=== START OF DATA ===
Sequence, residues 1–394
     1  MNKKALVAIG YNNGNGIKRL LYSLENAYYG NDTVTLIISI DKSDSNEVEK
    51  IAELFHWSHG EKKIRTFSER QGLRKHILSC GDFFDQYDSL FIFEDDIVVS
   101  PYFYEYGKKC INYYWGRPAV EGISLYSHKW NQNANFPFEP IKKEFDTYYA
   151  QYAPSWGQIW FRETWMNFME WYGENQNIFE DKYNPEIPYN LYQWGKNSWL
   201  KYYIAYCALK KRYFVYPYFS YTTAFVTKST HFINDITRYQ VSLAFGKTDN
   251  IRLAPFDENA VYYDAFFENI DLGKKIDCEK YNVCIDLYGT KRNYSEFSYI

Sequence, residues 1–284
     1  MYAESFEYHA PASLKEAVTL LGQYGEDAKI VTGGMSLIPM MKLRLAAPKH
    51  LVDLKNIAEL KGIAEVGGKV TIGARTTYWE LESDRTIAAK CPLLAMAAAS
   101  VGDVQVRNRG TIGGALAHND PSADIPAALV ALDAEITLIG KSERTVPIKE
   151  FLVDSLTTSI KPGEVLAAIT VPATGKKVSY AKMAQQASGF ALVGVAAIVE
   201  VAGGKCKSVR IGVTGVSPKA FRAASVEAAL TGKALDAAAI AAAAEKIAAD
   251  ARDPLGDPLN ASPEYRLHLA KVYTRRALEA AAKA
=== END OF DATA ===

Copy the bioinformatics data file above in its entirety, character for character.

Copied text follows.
Sequence, residues 1–394
     1  MNKKALVAIG YNNGNGIKRL LYSLENAYYG NDTVTLIISI DKSDSNEVEK
    51  IAELFHWSHG EKKIRTFSER QGLRKHILSC GDFFDQYDSL FIFEDDIVVS
   101  PYFYEYGKKC INYYWGRPAV EGISLYSHKW NQNANFPFEP IKKEFDTYYA
   151  QYAPSWGQIW FRETWMNFME WYGENQNIFE DKYNPEIPYN LYQWGKNSWL
   201  KYYIAYCALK KRYFVYPYFS YTTAFVTKST HFINDITRYQ VSLAFGKTDN
   251  IRLAPFDENA VYYDAFFENI DLGKKIDCEK YNVCIDLYGT KRNYSEFSYI

Sequence, residues 1–284
     1  MYAESFEYHA PASLKEAVTL LGQYGEDAKI VTGGMSLIPM MKLRLAAPKH
    51  LVDLKNIAEL KGIAEVGGKV TIGARTTYWE LESDRTIAAK CPLLAMAAAS
   101  VGDVQVRNRG TIGGALAHND PSADIPAALV ALDAEITLIG KSERTVPIKE
   151  FLVDSLTTSI KPGEVLAAIT VPATGKKVSY AKMAQQASGF ALVGVAAIVE
   201  VAGGKCKSVR IGVTGVSPKA FRAASVEAAL TGKALDAAAI AAAAEKIAAD
   251  ARDPLGDPLN ASPEYRLHLA KVYTRRALEA AAKA